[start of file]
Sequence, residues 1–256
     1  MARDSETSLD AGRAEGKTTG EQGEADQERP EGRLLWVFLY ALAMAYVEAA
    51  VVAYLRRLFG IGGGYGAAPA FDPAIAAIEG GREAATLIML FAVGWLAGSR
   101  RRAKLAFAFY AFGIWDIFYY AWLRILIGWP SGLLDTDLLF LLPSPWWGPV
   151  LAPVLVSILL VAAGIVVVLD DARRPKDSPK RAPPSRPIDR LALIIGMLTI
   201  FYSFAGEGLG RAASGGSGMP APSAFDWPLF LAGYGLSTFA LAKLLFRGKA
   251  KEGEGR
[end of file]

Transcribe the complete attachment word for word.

Sequence, residues 1–256
     1  MARDSETSLD AGRAEGKTTG EQGEADQERP EGRLLWVFLY ALAMAYVEAA
    51  VVAYLRRLFG IGGGYGAAPA FDPAIAAIEG GREAATLIML FAVGWLAGSR
   101  RRAKLAFAFY AFGIWDIFYY AWLRILIGWP SGLLDTDLLF LLPSPWWGPV
   151  LAPVLVSILL VAAGIVVVLD DARRPKDSPK RAPPSRPIDR LALIIGMLTI
   201  FYSFAGEGLG RAASGGSGMP APSAFDWPLF LAGYGLSTFA LAKLLFRGKA
   251  KEGEGR